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What I have:

LINQ to SQL auto generated class, which corresponds to the shape of its SQL table.

TABLEA
========
column1
column2

What I want to do:

Extend TABLEA class to include a new property, whose related column will be present only when a particular stored procedure is called. The stored procedure return type will be of TABLEA.

TABLEA
========
column1
column2
newcolumn3 (always part of the class structure, not always populated)   

What I've done so far:

Created a partial class with a property and a columnattribute, which works when the stored procedure is called. When a direct table call is made, I get an invalid column exception.

My question is:

How do I extend my LINQ to SQL data class to populate a property from a column which may not be present?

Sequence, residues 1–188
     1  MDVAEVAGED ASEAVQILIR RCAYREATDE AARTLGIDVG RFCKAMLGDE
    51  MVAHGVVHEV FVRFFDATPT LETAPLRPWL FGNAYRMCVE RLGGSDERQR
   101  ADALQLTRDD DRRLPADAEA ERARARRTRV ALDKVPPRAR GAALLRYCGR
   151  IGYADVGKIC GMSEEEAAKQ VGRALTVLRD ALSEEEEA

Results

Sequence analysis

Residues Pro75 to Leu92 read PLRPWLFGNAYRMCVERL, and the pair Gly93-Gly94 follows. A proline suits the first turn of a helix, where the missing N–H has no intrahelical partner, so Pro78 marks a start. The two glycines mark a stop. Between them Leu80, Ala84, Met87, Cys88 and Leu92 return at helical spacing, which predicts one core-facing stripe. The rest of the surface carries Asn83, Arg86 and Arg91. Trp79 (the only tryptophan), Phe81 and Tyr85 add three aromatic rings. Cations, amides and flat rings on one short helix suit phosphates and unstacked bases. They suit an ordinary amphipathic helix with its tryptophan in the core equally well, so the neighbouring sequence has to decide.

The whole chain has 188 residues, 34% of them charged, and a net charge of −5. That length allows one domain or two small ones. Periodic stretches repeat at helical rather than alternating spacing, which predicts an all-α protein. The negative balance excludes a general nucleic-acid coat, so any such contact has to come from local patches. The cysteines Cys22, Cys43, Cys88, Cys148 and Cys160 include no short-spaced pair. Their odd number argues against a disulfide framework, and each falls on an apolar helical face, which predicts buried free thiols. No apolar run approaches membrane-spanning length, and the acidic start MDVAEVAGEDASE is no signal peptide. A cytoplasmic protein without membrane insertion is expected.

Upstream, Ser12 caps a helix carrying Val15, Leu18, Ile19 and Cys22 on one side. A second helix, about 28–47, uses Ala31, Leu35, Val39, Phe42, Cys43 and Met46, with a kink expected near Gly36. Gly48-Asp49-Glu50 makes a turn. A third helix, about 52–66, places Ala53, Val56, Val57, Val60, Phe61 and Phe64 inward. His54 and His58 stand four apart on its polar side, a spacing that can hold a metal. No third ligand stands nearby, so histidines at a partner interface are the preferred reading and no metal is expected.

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1 Answer 1

up vote 2 down vote accepted

I don't think that is possible. The point of LINQ to SQL is to provide a direct mapping between a return set schema and an object in .NET. Two different return set schemas, two different objects. You can't truly think of the stored procedure as returning the same object if the signature of the return is different. It's more like "ObjectWithAdditionalInfo".

When you start to do these more complex, ambiguous mappings you need a real ORM tool like Microsoft Entities or Hibernate.

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Well said, LINQ is not a crystal ball, it only knows about the current schema. –  Chris Ballance Feb 6 '09 at 3:49
    
Thanks. While there are several ways to skin this cat, I'm exploring my options and learning LINQ at the same time. @Chris -- I don't need it to be a crystal ball; just not throw an exception when a mapped column isn't there, or at least provide a different way to populate my partial properties. –  JazzHands Feb 6 '09 at 5:33
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